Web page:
Ties That Bind: Supplemental Executive Retirement Plans
By John Pesh
For a credit union to reach its strategic goals, leadership continuity is critical. Creating a strong financial tie between top executives and the credit union will facilitate your succession plan, and effective negotiation of executives’ compensation is a critical component to binding this relationship. It’s a balancing act between the credit union’s needs and those of its key leaders.
To begin negotiations with a current executive, start by looking at when your CEO expects to retire and ask about his or her goals. You should also prepare for an unexpected departure, especially if the CEO’s base compensation package is lower than that of peer credit union executives. Loyalty counts, but often not enough to turn down an attractive offer with a pay increase.
For this reason, it’s essential to regularly benchmark your base compensation packages against peer credit union data through tools such as industry compensation surveys. Once you’ve addressed plans for your CEO’s departure, ask what strategic objectives would be disrupted if no right-hand person is ready to take over, either full-time or on an interim basis. Consider what you might need to do financially to retain your second-in-command. Look at credit union milestones—typically over the next three to five years—that might prompt you to retain and reward an executive, such as:
- A core data processing conversion. What would happen if your vice president of information technology decided to take early retirement?
- A new headquarters. How would the building’s development be affected if your chief operations officer took a job that offered more in terms of a base salary?
Once you’ve done your research, it’s time to explore a key retention tool for your CEO and other top executives.
Why a supplemental executive retirement plan?
A supplemental executive retirement plan (aka SERP) doesn’t carry the same weight it once did, so credit unions should now think of this tool as a supplemental executive retention plan. According to CUNA’s 2017-2018 CEO Total Compensation Report, nearly 60% of credit unions offer some form of SERP to their CEO, which can provide more timely payouts than traditional retirement plans and can supplement qualified retirement plans, such as 401(k) plans, which have contribution caps. Customizing the SERP so it’s meaningful to the executive is key.
For that reason, involve your executives at the outset of the process. Negotiate a plan that will make it difficult for the executive to leave the credit union during a given period. The specifics will vary depending on the individual. A SERP can target life-stage events, such as for an executive’s children’s college enrollment or a wedding, which provides an incentive to stay at the credit union. Conversations with the executives can illuminate these events. You also can implement SERPs when hiring someone from the outside. You can build in a SERP provision into their employment agreement, so it becomes a requirement after a probationary period.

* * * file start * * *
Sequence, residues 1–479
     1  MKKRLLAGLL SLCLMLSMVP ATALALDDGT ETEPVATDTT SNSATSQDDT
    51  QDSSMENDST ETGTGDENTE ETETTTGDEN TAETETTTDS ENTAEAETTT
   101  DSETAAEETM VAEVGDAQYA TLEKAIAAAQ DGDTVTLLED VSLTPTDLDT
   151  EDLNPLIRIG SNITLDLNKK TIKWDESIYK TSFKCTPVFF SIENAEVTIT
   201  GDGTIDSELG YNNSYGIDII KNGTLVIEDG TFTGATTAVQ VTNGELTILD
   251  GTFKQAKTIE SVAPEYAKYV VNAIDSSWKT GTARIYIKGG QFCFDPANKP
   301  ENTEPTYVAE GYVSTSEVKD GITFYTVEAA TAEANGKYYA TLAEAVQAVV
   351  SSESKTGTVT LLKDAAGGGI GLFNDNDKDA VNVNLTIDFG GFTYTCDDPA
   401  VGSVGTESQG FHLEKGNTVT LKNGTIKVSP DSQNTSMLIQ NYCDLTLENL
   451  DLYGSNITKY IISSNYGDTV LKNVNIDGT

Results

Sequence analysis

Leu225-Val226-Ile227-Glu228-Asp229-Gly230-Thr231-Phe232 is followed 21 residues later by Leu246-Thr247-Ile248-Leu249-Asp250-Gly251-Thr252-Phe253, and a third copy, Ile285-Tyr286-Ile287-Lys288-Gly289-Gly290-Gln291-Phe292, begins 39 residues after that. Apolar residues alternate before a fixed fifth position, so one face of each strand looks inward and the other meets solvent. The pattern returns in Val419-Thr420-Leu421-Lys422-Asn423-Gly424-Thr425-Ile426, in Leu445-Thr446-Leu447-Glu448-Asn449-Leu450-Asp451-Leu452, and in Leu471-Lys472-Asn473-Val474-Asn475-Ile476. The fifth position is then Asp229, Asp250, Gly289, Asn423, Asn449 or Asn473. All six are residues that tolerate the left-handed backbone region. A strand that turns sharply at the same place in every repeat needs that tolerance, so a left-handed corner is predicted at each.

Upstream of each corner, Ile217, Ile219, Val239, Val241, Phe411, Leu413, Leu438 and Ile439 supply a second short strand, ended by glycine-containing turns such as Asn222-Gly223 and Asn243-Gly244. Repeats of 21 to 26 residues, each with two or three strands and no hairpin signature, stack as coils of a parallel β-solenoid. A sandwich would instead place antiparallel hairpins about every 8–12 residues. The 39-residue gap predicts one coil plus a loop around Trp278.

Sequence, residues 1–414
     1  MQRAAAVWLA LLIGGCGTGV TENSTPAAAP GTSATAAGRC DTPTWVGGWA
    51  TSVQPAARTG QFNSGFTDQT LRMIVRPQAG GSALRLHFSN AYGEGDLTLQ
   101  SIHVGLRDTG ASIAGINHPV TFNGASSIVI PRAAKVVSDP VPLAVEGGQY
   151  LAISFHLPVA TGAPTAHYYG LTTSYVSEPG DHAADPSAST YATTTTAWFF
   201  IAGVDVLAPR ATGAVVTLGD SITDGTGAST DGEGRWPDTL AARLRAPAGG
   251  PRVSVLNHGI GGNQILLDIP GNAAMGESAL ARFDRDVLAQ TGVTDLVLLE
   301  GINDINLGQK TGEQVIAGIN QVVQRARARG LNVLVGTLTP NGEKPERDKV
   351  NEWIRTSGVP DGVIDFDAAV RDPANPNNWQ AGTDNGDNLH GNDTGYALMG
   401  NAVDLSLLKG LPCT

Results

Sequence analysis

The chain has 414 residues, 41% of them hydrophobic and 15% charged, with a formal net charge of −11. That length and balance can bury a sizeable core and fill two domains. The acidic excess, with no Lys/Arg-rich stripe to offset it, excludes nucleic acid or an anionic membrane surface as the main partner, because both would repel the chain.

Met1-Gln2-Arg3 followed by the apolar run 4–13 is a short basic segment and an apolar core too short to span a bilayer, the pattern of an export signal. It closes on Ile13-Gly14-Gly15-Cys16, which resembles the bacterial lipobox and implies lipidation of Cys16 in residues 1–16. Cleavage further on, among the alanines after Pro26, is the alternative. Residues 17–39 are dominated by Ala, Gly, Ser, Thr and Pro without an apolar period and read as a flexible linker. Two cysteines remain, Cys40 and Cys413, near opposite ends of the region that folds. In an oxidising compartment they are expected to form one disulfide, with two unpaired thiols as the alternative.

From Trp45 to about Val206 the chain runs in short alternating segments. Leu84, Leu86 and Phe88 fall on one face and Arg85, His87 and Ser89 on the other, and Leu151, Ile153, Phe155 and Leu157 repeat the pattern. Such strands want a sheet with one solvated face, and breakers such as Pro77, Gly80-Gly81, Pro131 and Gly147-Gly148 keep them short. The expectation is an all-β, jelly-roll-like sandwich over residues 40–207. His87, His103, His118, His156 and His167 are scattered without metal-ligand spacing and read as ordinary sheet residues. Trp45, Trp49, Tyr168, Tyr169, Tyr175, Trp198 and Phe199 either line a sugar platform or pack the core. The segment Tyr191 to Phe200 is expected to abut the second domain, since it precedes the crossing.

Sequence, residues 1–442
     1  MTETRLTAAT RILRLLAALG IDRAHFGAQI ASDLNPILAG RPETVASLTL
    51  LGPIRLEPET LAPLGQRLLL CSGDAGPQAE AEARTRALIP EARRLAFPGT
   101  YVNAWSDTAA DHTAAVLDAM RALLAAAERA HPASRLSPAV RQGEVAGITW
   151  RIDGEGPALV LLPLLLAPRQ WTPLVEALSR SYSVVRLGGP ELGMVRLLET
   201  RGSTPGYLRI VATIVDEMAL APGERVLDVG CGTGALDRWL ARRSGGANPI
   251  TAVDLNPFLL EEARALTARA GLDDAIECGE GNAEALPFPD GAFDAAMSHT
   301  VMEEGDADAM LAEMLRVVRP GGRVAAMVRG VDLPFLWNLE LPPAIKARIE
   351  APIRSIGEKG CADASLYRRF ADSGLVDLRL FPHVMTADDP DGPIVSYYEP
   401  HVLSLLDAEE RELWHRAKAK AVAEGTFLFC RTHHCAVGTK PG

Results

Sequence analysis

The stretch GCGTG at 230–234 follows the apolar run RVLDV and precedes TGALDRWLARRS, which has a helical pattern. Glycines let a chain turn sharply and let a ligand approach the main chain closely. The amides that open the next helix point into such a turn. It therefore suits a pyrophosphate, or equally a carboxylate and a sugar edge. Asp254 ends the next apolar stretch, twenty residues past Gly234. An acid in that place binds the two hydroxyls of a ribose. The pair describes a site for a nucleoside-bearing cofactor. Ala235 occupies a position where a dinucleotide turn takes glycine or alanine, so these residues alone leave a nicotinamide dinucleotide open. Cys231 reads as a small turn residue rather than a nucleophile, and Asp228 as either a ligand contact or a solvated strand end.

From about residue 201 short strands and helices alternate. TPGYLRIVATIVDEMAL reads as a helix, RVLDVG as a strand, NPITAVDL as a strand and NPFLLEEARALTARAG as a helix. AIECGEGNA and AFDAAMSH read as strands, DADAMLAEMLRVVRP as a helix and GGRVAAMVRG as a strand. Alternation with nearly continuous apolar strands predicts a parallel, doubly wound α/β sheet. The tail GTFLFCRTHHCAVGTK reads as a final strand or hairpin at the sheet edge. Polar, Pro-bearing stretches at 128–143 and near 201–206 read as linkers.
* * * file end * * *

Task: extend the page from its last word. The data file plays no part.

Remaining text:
Who should negotiate SERPs?
Your board’s compensation committee should reach a deal on any SERP plans for your CEO, and report that agreement to the full board after completing due diligence. The board should delegate authority to the CEO for negotiating SERPs for other leadership team members and allow the CEO to report progress as needed.
What type of SERP you should negotiate?
Credit unions can use a 457(f) SERP plan for payouts based on a credit union’s milestones or the executive’s life events. You can make payouts every three to five years, and the payout can be defined benefit (a specific amount) or defined contribution (one based on specified contributions and any investment earnings).
Another SERP option is split-dollar life insurance. It’s a cost-effective way to enhance your executive compensation package because the credit union and executive split the cost and benefit. These plans typically require medical underwriting. Again, the timing of any benefit can be made based on amount, length of service, or other milestones.
A third alternative is a 457(b) plan. If retention is your goal, this isn’t your best solution because contributions to the plan are vested 100% from day one. Think of it as an extension of a 401(k) plan; it’s often used if the executive has been capped on contributions to qualified retirement plans.
Consider both the strategic goals of the credit union and the needs of the executives you want to retain. Maintain an open dialogue throughout the process so you can negotiate a SERP that’s a win for everyone.
Note: the article was originally published in the May 2017 issue of CU Directors Newsletter.
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